English edit

Etymology edit

From the past participle of dye in the wool. The expression comes from the fact that fabric can be dyed in a number of ways. The woven fabric may be dyed after it is complete, or the threads may be dyed before they are woven. When a color is "dyed in the wool," the wool itself is dyed before being spun into threads, so the colour is least likely to fade or change. (Dyes: Webster’s Quotations, Facts and Phrases. Icon Group International. 2008, p. 344.).

Pronunciation edit

  • (UK, US) IPA(key): /ˌdaɪd ɪn ðə ˈwʊl/
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Adjective edit

dyed-in-the-wool (comparative more dyed-in-the-wool, superlative most dyed-in-the-wool)

  1. (of textiles) Having the fibres dyed before they are formed into cloth.
    • 1747, John Smith, chapter 156, in Chronicon Rusticum-Commerciale; or, Memoirs of Wool, &c.[1], volume 2, London: T. Osborne, page 431:
      [] some Druggets with Thread, that are dyed in the Piece; the others are dyed in the Wool, i. e. the Wool of which they are made, is dyed of several Colours, before it is carded, spun, and weaved.
    • 1810 January, “Redeeming the Time”, in The Evangelical Magazine, volume 18, page 7:
      That cloth will keep its colour best that is dyed in the wool; and the vessel will longest retain the scent of that liquor with which it is first seasoned.
  2. (idiomatic, figuratively, of a person) Firmly established in one's beliefs or habits; having a specified characteristic, identity, etc. deeply ingrained in one's nature.
    Synonym: inveterate
    Smith was a dyed-in-the-wool typist and never really got used to writing on computers.
    John Major was described by his opponents as a dyed-in-the-wool Conservative.
    • 1820, Daniel Webster, A Discourse Delivered at Plymouth, December 22, 1820[2], Boston: Wells and Lilly, published 1830, page 101:
      We all know a process, sir, by which the whole Essex Junto could, in one hour, be all washed white from their ancient federalism, and come out, every one of them, an original democrat, dyed in the wool!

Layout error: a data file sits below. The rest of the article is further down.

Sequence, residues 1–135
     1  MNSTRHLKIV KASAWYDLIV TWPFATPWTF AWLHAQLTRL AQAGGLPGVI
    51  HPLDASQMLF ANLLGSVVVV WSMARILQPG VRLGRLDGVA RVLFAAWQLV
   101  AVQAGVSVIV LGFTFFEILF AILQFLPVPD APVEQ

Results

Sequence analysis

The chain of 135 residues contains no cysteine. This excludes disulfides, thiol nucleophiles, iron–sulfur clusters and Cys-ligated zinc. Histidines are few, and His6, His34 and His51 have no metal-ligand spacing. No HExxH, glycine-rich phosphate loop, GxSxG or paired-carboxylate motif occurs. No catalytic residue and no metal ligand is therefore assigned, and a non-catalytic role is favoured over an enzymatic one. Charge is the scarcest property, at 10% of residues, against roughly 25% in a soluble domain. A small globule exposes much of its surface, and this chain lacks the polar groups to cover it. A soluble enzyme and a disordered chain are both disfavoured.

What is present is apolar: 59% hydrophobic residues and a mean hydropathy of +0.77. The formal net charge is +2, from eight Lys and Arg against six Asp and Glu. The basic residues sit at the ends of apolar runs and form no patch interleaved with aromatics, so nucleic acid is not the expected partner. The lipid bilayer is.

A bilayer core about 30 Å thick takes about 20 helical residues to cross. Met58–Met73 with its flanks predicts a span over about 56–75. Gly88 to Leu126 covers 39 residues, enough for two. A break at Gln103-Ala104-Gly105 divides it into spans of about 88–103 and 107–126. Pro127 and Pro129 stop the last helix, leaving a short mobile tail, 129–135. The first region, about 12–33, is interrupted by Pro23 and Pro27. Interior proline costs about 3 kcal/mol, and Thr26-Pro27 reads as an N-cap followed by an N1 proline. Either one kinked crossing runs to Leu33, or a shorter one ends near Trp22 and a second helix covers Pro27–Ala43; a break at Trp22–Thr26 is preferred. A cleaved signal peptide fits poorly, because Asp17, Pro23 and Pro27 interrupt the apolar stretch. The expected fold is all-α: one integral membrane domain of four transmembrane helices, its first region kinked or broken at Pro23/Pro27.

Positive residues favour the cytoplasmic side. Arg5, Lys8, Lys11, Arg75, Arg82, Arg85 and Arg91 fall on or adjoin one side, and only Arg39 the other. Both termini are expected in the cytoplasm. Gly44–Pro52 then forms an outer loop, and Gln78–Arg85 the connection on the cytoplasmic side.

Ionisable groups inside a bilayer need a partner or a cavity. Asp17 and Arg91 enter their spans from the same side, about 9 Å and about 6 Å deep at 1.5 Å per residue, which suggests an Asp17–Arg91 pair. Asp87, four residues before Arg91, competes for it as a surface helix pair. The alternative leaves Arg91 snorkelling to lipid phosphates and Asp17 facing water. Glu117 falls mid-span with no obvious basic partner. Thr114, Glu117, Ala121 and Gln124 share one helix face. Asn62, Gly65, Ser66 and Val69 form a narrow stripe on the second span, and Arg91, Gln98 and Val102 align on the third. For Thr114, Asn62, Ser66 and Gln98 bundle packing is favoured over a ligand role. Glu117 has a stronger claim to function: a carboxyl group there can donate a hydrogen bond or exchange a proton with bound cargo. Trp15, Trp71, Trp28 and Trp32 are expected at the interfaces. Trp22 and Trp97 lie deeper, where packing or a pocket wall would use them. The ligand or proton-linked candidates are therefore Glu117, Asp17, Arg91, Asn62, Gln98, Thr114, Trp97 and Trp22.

• 1850, Nathaniel Hawthorne, “Introductory”, in The Scarlet Letter, a Romance, Boston, Mass.: Ticknor, Reed, and Fields, →OCLC, [https://archive.org/details/scarletletterrom01hawt/page/18/mode/1up?q=%22dyed+in+the+wool%22 18/mode/1up page 18]:
      He might truly be termed a legitimate son of the revenue system, dyed in the wool, or rather, born in the purple; since his sire, a Revolutionary colonel, and formerly collector of the port, had created an office for him, and appointed him to fill it, at a period of the early ages which few living men can now remember.
    • 1944 November and December, Talisman, “A Broadening Horizon”, in Railway Magazine, page 340:
      Although appreciating the rapidity and frequency of the Southern electric services I was now to use on short journeys, I became more than ever convinced that electric traction offers very little of interest to the dyed-in-the-wool railwayist.
    • 1956, Rose Macaulay, chapter 23, in The Towers of Trebizond[3], London: Collins:
      For all he says he isn’t, he’s a bit of an ultramontane, in practice though not in theory, and we can’t have that in the Church of England, we must stay dyed-in-the-wool Anglican.
    • 2004, Philip Roth, chapter 8, in The Plot Against America[4], London: Jonathan Cape, page 304:
      Our president is no lover of Jews and more than likely a dyed-in-the-wool anti-Semite []
    • 2021 April 7, Christian Wolmar, “Electrification is a given... but comfort matters as well”, in RAIL, number 928, page 47:
      Again, to go back to the history of British Railways, there were moves to introduce electrification more widely when the West Coast Main Line was sparked up in the 1960s, but this was rejected by dyed-in-the-wool old regional railway managers who did not like the hassle of putting up the wires.

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